Misrepresenting the Debate: Measles’s Other Problem

Kids line up for vaccines in the 1940s. Courtesy of Library of Congress and The New York Times
Kids line up for vaccines in the 1940s. Courtesy of Library of Congress and The New York Times

I found myself rolling my eyes every time a news anchor looks solemnly into the camera and reports on another minuscule facet of the measles debate. I thought news agencies were whipping up a fervor that just didn’t exist in the general populous. But then I began to grow concerned… what if I was wrong? As an Emergency Manager (EM), it’s my job to deeply understand my constituents. Whether people live, die, or lose everything depends on my ability to make my warnings intelligible, acceptable, and actionable. Besides, I should probably stay sharp on current events, no?

Unfortunately, at the top of Google searches are lots of bloggers and pundits blaming elitist liberals or recalcitrant conservatives. I’m not interested in the vitriol associated with blaming this group or that group. While I disagree with anti-vaccine arguments, I want to know who they are and why they are. Is it true that they are a large group, especially given that the scientific and political communities seem to agree vaccines are necessary?

Fortunately Dan Kahan, the Elizabeth K. Dollard Professor of Law and professor of psychology at Yale Law School, was as curious as I was. He surveyed 2,316 U.S. adults in order to assess public perceptions and attitudes about vaccines. As Time reports, those opposed to vaccines are generally random.

There was a modest minority of respondents who held a negative orientation toward vaccines. These respondents, however, could not be characterized as belonging to any recognizable subgroup identified by demographic characteristics, religiosity, science comprehension, or political or cultural outlooks. Indeed, groups bitterly divided over other science issues, including climate change and human evolution, all saw vaccine risks as low and vaccine benefits as high. Even within those groups, in other words, individuals hostile to childhood vaccinations are outliers.

Indeed, “There is deep and widespread public consensus, even among groups strongly divided on other issues such as climate change and evolution, that childhood vaccinations make an essential contribution to public health,” says Kahan.

Click for larger view
Pew Research Results

In fact, it seems like the greater debate is about whether the government should mandate vaccines or whether it should be up to parents. Pew Research Center reports that the majority of older Americans tend to believe vaccinations should be mandated while 41% of Millennials (18-29 y/o) think parents should decide. (See graph.)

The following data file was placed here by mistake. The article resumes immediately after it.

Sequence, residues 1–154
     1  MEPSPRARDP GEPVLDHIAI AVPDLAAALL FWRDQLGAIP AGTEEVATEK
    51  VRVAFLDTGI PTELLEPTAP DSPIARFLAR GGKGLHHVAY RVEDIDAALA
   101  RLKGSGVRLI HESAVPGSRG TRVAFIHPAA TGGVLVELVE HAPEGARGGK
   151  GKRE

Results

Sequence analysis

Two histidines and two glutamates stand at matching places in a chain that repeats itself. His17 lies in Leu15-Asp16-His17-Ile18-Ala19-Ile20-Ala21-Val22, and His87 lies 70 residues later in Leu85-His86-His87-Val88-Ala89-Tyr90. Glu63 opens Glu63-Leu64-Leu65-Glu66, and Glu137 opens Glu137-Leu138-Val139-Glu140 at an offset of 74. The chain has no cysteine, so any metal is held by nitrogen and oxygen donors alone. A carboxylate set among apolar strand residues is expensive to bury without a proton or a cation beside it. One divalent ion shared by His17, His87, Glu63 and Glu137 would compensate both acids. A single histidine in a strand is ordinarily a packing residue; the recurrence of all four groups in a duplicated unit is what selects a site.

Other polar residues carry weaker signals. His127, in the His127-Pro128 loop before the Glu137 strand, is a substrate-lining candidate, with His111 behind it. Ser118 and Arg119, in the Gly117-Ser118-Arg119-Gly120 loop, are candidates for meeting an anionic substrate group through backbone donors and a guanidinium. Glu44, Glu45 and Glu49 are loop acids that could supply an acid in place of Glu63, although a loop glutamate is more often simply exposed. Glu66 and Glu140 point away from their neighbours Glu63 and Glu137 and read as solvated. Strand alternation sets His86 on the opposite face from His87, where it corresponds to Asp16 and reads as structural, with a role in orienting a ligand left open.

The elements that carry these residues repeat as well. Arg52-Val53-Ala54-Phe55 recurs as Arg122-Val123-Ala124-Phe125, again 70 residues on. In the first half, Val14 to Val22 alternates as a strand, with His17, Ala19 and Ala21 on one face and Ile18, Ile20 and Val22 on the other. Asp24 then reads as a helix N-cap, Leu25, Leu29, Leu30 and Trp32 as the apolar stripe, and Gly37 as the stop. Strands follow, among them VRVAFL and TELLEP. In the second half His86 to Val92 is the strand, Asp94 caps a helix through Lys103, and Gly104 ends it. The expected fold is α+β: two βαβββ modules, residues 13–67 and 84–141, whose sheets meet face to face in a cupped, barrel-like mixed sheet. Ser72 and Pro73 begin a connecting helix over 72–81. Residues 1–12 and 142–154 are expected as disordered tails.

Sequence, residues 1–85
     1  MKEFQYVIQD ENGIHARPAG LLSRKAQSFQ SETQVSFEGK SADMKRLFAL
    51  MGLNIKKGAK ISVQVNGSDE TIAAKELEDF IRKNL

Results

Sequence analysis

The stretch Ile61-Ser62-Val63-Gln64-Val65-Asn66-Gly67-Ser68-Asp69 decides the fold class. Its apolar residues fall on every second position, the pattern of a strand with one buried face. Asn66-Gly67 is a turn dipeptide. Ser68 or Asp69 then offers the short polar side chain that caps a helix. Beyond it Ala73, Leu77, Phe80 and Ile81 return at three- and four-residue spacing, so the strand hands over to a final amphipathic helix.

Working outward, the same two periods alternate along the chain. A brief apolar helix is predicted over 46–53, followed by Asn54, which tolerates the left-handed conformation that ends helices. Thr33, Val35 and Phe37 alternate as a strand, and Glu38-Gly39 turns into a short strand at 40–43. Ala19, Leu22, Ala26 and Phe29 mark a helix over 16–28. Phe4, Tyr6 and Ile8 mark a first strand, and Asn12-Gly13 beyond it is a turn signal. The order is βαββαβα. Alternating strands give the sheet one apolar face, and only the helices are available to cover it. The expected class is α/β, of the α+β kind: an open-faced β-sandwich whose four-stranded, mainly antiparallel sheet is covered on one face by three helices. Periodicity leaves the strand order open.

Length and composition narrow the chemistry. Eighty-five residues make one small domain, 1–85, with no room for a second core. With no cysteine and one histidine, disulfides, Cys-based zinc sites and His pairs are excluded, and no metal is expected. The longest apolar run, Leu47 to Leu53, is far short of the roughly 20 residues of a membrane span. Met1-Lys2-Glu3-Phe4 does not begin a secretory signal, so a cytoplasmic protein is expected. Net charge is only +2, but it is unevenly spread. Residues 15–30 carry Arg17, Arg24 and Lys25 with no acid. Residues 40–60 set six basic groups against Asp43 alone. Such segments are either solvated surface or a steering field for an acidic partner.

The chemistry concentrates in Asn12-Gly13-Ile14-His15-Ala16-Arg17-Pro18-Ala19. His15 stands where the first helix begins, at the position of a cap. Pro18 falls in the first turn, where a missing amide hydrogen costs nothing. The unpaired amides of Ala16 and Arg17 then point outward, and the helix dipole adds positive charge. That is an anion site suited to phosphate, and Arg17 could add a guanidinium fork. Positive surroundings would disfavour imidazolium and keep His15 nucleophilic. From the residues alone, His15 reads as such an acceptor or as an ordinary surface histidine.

So what?

Who cares what anti-vaxxer demographics look like? The important thing is that they’re wrong, right? Well, not exactly. It turns out accuracy about public perception is incredibly important for one simple reason: self-fulfilling prophecies. When public educators like the CDC, politicians, doctors, scientists, and Emergency Managers believe that there is resistance to their message, they will act in such a way that actually arouses the resistance they feared. Kahan states in the abstract of his research paper: “…that ad hoc [off the cuff without consideration for broader context] forms of risk communication that assert there is mounting resistance to childhood immunizations themselves pose a risk of creating misimpressions and arousing sensibilities that could culturally polarize the public and diminish motivation to cooperate with universal vaccination programs.” In other words, when people believe there are two fighting sides, they will pick one to join. So when news agencies give voice to an outlier minority, they are in fact stirring up damaging controversy and making mine and the CDC’s job harder.

But we have to be fair, don’t we?

No. We have to be accurate. Misrepresenting the strength and validity of an opposing argument is not fair. Kahan urges those working in public health to (1). use empirical data to assess public opinion; (2) discourage risk communication (public health messages) which are based on anecdotal evidence or gut reactions as to the broader context; (3) “publicize the persistently high rates of childhood vaccination” in conjunction with “…[the] high levels of public support for universal immunization in the U.S”; and (4) correct communications which misrepresent U.S. vaccination coverage and its relationship to the incidence of childhood diseases.

#3 is especially important because when people hear that most people are vaccinating their children, they tend to be more willing to vaccinate their own children (advertisers use this principle all the time). I think as public health educators, we’re worried that when people hear that most everyone is vaccinating their children they’ll think it isn’t as important to vaccinate their own children.

Looks like we need some data to back that up. In the mean time, let’s stick to what we know for sure.

Further reading:

  • CDC says Measles is so infectious that if one person has it, 90% of the unprotected people around him/her will catch it. Furthermore, if it doesn’t kill you, you could be permanently brain damaged, blind, or deaf.
  • PBS says there’s no cure once you catch Measles. Only prevention. If you do catch Measles, all doctors can do is treat symptoms and hope your body is strong enough to resist.
  • Concerning “eradication” and “herd immunity” : CDC FAQ page
  • NPR reports on psychological considerations RE: why parents won’t vaccinate
  • NY Times “Fear of Vaccines Goes Viral” article
  • Time Magazine: vaccines are non-partisan
  • Harris Poll on what people believe about vaccines
  • Pew Research Poll on what people believe about vaccines
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